An investigation into the effectiveness of the Central Bank Rate as a key influencer for interest rates in Kenya
Mwai, Paul Wachira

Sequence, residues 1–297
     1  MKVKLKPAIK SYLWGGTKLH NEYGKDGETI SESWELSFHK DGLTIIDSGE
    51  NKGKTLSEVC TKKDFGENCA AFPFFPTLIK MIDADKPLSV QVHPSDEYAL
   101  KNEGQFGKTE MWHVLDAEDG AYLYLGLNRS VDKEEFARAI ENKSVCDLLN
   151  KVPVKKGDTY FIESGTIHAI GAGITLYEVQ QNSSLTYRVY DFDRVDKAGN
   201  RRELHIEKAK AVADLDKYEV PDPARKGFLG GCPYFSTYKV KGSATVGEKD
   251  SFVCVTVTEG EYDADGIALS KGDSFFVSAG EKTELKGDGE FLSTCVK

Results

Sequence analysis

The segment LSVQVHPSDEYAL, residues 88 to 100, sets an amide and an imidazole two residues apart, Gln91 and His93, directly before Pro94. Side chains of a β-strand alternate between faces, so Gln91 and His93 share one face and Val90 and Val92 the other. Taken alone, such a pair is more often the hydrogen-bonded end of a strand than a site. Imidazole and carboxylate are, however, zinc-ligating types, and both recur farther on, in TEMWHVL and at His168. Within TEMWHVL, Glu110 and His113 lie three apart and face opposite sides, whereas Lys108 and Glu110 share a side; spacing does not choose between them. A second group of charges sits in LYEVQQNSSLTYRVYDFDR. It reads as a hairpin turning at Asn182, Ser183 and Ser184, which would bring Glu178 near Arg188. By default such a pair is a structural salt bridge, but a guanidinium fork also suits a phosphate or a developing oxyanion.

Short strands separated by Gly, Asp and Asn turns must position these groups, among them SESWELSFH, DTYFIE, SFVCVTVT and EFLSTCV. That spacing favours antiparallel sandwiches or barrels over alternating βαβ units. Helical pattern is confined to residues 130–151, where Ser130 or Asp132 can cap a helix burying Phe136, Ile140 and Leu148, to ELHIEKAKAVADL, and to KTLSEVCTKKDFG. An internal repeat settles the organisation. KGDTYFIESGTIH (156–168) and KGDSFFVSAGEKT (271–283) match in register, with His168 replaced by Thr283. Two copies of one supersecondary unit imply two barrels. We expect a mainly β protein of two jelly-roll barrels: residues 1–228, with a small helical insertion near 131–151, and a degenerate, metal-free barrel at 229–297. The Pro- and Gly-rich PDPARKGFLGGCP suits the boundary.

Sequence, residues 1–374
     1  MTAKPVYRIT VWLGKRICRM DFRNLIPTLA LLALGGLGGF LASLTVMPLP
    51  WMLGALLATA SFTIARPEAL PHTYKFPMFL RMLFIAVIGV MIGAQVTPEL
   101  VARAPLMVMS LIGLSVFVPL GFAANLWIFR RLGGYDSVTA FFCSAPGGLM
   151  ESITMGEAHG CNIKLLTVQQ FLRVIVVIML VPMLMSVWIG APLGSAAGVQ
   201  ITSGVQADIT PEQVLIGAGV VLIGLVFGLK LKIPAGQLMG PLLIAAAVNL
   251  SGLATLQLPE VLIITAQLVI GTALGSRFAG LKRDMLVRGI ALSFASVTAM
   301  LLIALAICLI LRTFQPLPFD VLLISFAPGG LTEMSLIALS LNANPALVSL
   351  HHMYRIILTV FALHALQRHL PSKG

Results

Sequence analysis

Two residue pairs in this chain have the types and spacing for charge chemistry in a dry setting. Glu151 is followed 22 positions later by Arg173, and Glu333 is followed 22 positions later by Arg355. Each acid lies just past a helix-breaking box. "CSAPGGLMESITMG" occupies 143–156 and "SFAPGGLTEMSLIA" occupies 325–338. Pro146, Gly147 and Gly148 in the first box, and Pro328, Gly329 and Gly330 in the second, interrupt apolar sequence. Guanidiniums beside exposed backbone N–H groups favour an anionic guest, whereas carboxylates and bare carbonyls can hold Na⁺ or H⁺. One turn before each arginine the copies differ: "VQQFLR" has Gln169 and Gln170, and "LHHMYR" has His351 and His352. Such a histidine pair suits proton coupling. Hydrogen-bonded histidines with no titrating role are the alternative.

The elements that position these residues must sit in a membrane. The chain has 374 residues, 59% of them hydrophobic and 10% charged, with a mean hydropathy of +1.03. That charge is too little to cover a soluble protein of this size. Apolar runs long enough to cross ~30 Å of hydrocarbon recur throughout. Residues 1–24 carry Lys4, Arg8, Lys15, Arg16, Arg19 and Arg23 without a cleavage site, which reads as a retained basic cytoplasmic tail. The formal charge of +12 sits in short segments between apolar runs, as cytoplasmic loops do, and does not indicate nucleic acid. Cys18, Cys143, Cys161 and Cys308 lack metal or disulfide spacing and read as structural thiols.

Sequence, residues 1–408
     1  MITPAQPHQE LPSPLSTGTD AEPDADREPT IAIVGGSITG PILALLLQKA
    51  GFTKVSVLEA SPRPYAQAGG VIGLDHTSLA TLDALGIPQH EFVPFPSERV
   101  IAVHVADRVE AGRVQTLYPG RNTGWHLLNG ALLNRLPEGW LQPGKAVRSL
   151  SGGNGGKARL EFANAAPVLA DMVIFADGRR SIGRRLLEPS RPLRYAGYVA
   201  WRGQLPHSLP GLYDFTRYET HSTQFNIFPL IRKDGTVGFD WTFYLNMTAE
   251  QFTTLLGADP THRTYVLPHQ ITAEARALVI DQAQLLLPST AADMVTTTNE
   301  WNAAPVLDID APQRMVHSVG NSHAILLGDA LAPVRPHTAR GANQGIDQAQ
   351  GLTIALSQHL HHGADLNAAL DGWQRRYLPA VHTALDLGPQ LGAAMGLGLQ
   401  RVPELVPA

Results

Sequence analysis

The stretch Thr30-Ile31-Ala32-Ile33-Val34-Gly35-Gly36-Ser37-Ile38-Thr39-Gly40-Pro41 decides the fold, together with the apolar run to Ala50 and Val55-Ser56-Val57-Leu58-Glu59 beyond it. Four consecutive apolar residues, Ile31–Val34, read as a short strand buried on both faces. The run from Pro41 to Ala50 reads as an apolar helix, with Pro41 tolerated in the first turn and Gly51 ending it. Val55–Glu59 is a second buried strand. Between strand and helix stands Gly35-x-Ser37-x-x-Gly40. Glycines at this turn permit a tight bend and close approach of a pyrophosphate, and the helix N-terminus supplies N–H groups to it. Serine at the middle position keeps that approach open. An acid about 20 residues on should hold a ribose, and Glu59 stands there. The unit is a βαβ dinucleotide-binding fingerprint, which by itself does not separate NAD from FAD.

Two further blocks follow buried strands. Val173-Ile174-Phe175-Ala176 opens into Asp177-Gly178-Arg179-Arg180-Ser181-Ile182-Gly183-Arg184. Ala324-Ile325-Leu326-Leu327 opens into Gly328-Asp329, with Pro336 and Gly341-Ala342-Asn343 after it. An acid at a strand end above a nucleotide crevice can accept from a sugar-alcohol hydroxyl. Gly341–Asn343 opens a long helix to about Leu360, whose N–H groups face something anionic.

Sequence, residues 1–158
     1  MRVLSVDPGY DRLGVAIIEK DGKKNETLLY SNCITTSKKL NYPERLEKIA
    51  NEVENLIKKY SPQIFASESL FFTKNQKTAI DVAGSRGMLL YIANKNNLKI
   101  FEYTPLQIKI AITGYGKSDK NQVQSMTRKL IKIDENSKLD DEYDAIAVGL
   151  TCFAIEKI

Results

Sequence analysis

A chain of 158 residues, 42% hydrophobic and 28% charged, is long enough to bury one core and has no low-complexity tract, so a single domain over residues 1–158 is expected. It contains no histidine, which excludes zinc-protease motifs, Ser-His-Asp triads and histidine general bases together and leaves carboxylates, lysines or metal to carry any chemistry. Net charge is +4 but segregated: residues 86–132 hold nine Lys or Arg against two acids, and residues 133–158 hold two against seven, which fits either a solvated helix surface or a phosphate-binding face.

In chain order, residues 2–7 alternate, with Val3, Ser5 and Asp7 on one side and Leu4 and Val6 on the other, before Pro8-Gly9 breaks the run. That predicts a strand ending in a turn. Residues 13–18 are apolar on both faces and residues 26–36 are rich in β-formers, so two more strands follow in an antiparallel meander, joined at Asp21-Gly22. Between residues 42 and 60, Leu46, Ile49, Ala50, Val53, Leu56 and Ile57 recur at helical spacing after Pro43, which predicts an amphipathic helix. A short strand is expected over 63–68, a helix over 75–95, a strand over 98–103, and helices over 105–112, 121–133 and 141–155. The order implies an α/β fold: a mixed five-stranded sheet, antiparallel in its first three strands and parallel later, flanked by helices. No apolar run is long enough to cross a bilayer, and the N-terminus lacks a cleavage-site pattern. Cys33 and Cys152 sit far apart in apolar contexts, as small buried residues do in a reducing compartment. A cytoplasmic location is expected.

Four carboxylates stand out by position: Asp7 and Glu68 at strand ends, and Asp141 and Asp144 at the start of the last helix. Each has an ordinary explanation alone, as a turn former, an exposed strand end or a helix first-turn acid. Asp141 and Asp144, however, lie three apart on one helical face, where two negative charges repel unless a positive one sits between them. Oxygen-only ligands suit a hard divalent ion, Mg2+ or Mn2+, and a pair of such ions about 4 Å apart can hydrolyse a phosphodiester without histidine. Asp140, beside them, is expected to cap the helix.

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This study is an investigation of the interest rates market in Kenya as regulated by the Central Bank of Kenya (CBK). The CBK introduced the Central Bank Rate as an instrument to be used in regulating the market interest rates thus cushion the public from excessive charges in interest rates by the banks. Since its introduction in 2006 different analysts have had different views with regard to its effectiveness to regulate the market rates (lending rates); the study explored the relationship of CBR with the lending rates. The general objective of the study was to investigate the effectiveness of the Central Bank Rate as a key factor influencer for interest rates in Kenya. The study was guided by three specific objectives which included: establishing the relationship between the average commercial bank's lending rate (market interest rates) and the CBR; establishing the relationship between the average commercial bank's lending rate and the other interest rates (repo, Treasury bill rate, inter-bank rate). The study was guided by the loanable funds theory. The study used secondary data retrieved from the archives of the Central bank of Kenya and the Kenyan Commercial Banks' records as they are the key lenders and determinants of existing market lending rates as the Central Bank Rate directly affects their borrowing and lending processes. The data collected was analyzed using inferential statistics. In addition, the researcher conducted a multiple regression analysis and ANOV A in order to investigate the effectiveness of the Central Bank Rate as a key factor influencer for interest rates in the Kenya. The findings indicated that REPO affected the lending rates more in Kenya followed by the 91-Day Treasury bill rate, interbank and then CBR as the least one. From the statistics values of REPO and 91 Day Treasury bills, the two factors are significant in explaining the relationship between them and the lending rates. However, for interbank and CBR rates, have little contribution to the lending rates in Kenya. The study recommended that the CBK should be keen in setting the REPO and the 91 day Treasury bill because they are the key determinants of lending rates in Kenya.